Interviewing Skills. I spend a lot of time gathering information to write pieces, and 80% of the time it involves talking to people. To me, the term “interviewing skills” means listening as well as talking. Some people don’t need questions..they just ramble. I can glean so much from them by listening to the words they use to describe their business and the way they organize their thoughts. Putting together a list of questions is important but there are so many more tips to become a skillful interviewer. Watch for an upcoming blog devoted specifically to this subject!

Interested in Research. When I have an assignment, any information I cannot get from my interview subject I must defer to Google.  If you enjoy researching on different topics, content writing may be for you.

Proofing Skills. If you think English teachers are mean about misspellings, extra spaces and “minor” writing infractions, just wait till you are a professional, writing for clients!  As a writer, you have to be perfect in this respect.  Be prepared to be concerned about such things if you write for a living.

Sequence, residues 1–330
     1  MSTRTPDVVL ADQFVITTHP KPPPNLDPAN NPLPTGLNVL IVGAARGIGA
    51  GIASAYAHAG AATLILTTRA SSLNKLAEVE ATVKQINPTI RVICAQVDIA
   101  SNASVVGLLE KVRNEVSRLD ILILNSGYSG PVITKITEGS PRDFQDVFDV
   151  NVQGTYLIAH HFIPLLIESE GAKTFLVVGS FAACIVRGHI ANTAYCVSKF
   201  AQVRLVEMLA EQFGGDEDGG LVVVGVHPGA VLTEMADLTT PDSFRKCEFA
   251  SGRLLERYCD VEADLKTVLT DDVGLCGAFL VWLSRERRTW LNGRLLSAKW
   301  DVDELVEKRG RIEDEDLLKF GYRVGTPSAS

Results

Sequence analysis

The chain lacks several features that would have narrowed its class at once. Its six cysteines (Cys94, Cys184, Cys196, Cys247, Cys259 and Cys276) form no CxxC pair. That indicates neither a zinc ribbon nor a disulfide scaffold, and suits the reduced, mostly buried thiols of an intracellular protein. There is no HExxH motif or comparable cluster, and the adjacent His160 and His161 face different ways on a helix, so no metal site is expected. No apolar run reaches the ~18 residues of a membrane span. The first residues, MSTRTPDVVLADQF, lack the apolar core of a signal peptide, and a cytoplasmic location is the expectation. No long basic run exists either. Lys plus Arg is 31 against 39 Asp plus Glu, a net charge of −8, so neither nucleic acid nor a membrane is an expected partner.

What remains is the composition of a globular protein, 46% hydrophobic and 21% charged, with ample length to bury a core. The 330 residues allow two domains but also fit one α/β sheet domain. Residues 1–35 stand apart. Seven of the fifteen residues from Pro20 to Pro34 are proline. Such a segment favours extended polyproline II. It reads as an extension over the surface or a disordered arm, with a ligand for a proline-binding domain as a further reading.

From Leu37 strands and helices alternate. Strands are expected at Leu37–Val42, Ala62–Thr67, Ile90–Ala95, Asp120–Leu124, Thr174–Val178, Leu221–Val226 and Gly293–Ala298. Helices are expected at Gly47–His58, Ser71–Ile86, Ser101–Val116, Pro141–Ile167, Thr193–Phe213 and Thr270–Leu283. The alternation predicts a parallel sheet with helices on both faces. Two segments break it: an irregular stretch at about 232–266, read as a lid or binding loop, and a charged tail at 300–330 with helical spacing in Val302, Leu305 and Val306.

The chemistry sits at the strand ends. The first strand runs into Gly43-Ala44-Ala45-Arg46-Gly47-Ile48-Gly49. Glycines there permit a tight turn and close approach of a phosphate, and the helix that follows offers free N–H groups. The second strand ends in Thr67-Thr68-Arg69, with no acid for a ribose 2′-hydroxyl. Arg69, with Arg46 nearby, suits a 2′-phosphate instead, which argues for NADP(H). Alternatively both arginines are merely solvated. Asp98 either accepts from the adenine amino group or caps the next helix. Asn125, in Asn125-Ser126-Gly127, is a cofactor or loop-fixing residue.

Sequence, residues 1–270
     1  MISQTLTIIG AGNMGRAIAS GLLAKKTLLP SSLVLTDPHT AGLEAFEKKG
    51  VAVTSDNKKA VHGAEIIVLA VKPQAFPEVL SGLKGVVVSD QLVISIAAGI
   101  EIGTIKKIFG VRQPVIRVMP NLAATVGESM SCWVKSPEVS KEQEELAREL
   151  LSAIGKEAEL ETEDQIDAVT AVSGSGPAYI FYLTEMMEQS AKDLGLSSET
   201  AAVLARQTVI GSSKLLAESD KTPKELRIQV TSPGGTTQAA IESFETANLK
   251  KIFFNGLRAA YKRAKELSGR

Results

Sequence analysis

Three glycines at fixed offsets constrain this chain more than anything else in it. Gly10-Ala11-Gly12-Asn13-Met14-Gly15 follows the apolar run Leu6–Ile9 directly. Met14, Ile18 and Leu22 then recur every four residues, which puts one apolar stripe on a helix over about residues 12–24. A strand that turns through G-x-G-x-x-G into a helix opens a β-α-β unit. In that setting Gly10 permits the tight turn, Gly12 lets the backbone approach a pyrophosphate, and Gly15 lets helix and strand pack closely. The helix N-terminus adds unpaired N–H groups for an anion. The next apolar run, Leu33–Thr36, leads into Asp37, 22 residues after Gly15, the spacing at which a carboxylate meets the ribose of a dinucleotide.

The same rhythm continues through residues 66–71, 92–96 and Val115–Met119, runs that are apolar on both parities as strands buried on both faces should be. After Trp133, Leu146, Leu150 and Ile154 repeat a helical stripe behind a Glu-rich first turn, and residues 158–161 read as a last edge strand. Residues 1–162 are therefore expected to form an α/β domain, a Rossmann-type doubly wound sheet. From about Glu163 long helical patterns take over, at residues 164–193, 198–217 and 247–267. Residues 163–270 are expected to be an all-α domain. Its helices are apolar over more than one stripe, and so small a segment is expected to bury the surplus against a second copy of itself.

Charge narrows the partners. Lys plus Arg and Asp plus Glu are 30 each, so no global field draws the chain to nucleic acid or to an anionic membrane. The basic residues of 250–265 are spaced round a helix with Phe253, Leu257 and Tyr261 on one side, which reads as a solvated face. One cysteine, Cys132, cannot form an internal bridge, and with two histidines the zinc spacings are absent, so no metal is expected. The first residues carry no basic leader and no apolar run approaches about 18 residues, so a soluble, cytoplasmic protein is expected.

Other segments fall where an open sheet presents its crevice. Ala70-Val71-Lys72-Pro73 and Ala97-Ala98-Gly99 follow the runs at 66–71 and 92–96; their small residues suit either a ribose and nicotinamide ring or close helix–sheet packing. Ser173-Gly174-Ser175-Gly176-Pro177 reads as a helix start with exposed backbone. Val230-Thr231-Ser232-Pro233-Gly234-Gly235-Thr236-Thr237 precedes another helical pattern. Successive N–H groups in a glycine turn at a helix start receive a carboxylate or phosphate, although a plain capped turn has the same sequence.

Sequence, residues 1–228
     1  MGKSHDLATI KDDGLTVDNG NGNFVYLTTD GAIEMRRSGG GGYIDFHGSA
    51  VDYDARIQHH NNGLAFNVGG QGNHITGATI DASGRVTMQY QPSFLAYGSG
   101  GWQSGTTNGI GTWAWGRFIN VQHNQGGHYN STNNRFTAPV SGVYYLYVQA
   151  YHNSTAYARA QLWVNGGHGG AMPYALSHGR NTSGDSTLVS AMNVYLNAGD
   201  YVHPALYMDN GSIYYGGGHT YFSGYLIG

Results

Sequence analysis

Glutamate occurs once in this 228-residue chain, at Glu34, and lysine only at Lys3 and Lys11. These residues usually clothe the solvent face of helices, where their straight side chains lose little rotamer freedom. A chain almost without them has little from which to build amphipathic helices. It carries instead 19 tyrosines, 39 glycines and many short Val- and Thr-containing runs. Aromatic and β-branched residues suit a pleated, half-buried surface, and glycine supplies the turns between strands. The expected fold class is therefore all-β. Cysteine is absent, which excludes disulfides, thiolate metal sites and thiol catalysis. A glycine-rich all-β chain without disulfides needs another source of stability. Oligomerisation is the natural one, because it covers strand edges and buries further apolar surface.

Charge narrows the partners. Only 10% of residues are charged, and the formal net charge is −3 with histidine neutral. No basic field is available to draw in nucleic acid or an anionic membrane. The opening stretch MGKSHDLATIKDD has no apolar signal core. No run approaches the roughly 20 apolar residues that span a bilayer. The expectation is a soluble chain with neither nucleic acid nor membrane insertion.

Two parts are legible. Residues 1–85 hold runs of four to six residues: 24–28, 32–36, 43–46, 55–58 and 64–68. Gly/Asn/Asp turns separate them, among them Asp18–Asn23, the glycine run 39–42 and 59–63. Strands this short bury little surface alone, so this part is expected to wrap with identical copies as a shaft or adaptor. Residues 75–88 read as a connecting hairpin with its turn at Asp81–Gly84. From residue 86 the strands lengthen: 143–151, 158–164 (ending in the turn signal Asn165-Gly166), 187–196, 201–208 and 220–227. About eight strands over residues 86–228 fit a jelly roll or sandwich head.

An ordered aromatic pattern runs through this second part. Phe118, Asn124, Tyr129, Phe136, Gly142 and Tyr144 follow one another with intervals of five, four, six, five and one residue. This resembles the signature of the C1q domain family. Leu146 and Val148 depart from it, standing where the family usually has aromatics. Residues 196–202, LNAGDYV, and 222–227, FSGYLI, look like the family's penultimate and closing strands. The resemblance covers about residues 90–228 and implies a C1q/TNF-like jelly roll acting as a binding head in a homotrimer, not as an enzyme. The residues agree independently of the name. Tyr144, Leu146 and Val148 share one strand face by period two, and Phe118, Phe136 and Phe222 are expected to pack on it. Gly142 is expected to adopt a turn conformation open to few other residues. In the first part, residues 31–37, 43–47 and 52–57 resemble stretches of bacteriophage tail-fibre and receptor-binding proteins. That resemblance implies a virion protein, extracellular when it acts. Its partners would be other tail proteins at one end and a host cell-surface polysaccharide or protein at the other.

Editing Chops.  Remember in school when you had to write a two-page paper and didn’t have anything to say and used tricks like extra spacing, wider fonts, etc. to make the paper longer? It’s the opposite when you begin writing professionally. Words cost money to publish. Say what needs to be said, and nothing more. Editing is an essential skill, and it’s important to be able to edit your own work. I tell clients I am a heartless editor, to my own work as well as to others. Even when work seems “finished”, editing is usually possible. Usually when you write content you also have a word count limit. This makes editing an even more important skill to have.

Natural Curiosity. Every day I am writing about something different and at any time I am serving companies from vastly different industries simultaneously. For example, right now I am writing for an ice cream shop, a railcar leasing company, a private aviation company, a commercial fire protection service, a world-class optometrist, a group of Latina business women, a law firm and more. Who knows what I’ll be writing about tomorrow?  My own curiosity carries me through my discussions and interviews with people in all these industries and helps me formulate questions and explore ideas with them.

I wish all high school students good luck when planning their future, but also the professionals out there who may feel like they need a change.  If you look at this list and feel it speaks to your personal qualifications, maybe you’d make a good content writer. If you need any help or want to learn more,  contact me.